(Reuters) – Economists polled by the Brazilian central bank expect the economy to perform better this year but see inflation staying above the official target until 2023, marking three consecutive years of non-compliance.
The data is from the latest weekly Focus survey, published by the central bank on Friday after a pause due to a workers’ strike that ended this week.
The median forecast of nearly a hundred private economists points to a 1.51% GDP expansion this year, in line with the government’s official projection.
In January, this median was around 0.3% while some economists had even predicted a recession, fearing double-digit inflation and an aggressive cycle of monetary tightening would weigh on activity.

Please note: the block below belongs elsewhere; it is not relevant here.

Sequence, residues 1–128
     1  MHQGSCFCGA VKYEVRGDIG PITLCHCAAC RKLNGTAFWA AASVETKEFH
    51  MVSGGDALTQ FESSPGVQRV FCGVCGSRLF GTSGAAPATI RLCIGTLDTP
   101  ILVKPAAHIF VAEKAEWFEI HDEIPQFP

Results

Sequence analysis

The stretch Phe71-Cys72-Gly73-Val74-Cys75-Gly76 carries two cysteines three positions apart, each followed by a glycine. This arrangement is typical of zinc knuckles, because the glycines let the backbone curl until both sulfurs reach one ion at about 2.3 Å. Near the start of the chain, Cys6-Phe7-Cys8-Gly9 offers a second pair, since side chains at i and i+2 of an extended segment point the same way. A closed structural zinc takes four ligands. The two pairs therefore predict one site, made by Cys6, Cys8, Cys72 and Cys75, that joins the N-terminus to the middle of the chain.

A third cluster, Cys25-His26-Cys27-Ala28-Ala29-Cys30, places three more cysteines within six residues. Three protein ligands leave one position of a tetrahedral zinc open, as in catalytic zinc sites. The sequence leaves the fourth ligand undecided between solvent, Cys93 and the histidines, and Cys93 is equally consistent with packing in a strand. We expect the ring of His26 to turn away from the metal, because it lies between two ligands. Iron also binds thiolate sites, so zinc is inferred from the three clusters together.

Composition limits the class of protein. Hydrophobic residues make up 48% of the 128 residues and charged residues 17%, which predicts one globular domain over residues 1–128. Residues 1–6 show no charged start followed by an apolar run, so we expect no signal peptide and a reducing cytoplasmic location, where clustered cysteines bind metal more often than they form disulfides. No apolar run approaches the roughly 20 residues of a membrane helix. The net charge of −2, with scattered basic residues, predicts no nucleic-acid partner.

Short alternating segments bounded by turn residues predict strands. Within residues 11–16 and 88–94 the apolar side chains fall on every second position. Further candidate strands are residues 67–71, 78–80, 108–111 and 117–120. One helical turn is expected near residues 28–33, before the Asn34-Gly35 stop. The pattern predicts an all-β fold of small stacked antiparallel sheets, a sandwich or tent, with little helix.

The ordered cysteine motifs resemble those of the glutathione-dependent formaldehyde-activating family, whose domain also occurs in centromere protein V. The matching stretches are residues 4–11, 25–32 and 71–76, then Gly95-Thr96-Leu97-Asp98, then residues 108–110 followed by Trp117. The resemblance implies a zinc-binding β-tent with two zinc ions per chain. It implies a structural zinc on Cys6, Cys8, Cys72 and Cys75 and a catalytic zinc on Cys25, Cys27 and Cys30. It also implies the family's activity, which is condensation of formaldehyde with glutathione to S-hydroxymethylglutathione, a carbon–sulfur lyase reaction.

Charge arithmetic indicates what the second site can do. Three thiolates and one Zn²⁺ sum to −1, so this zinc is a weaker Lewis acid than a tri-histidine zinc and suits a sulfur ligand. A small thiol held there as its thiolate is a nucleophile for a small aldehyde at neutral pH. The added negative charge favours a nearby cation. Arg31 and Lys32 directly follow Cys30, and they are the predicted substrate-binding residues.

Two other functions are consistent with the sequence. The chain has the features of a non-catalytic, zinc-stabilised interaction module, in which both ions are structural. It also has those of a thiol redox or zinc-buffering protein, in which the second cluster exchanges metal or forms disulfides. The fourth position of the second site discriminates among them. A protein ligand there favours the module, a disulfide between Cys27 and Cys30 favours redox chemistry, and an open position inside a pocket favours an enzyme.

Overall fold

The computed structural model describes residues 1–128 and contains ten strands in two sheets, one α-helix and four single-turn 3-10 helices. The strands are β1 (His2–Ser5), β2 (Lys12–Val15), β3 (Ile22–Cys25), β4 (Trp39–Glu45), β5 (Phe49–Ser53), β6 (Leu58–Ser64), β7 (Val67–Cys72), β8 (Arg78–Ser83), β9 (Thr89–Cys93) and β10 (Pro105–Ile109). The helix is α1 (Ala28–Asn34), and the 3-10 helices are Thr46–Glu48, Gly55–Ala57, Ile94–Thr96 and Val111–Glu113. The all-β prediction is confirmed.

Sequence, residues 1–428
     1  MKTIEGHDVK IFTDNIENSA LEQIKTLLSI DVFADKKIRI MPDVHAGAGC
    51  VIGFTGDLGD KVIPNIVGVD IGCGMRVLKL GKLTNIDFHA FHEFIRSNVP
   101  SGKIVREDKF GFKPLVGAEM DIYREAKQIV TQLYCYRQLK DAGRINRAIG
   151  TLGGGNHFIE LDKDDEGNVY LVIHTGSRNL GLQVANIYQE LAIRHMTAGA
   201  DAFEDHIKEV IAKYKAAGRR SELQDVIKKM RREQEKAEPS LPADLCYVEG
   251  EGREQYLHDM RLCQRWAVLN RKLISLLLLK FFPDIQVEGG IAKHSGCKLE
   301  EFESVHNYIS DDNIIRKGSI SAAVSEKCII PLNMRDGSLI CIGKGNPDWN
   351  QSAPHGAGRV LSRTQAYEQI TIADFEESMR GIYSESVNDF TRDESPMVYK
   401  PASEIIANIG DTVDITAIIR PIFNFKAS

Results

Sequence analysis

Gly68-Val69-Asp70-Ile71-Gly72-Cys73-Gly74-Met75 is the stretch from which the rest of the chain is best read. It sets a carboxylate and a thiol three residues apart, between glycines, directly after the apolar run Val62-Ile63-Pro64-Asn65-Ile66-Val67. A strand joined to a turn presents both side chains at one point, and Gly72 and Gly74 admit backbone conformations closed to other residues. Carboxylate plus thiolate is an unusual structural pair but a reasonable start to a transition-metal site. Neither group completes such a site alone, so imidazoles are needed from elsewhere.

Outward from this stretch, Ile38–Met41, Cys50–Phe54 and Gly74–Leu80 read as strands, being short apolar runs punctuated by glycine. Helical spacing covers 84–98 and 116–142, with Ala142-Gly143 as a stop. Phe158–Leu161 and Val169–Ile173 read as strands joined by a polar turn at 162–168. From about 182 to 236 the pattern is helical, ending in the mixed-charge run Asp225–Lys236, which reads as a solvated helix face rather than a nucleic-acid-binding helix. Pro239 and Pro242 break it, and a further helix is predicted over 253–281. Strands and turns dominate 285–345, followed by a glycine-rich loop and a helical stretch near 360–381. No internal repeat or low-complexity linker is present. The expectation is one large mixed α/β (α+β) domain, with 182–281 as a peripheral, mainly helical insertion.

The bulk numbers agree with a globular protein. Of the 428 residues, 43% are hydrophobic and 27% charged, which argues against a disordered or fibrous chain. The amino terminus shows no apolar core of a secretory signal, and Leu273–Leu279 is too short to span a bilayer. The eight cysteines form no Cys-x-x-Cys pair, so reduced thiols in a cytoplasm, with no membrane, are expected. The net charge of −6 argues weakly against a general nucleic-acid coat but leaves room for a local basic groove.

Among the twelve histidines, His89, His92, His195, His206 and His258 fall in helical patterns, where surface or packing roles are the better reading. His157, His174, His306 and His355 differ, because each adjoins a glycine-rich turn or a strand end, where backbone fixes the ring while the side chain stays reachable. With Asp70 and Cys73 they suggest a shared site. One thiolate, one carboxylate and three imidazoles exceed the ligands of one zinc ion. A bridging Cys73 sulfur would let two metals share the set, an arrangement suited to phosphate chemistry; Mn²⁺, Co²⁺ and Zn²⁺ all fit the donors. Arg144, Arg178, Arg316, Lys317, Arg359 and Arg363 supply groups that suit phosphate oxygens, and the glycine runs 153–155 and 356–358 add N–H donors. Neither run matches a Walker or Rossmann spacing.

But the economy has shown signs of strength, supported by a faster improvement in the labor market.
Measures about to be approved in Congress to increase government cash transfers ahead of presidential elections should provide additional support. At the same time, they put pressure on consumer prices, potentially erasing part of the gains from recent fuel tax cuts.
In the survey, inflation is now expected to end this year at 7.96%, surpassing the official 3.5% target, with a band of 1.5 points more or less.
For 2023, the outlook is for inflation at 5.01%, also above the 3.25% target with the same margin of 1.5 points. Last year, inflation hit 10%, missing both the central bank’s annual target of 3.75% and the 5.25% top of its tolerance band. read more
Economists consulted by the central bank estimate that, given the scenario, interest rates will reach 13.75% this year, from the current 13.25%, and will end next year still in double digits, at 10.5%.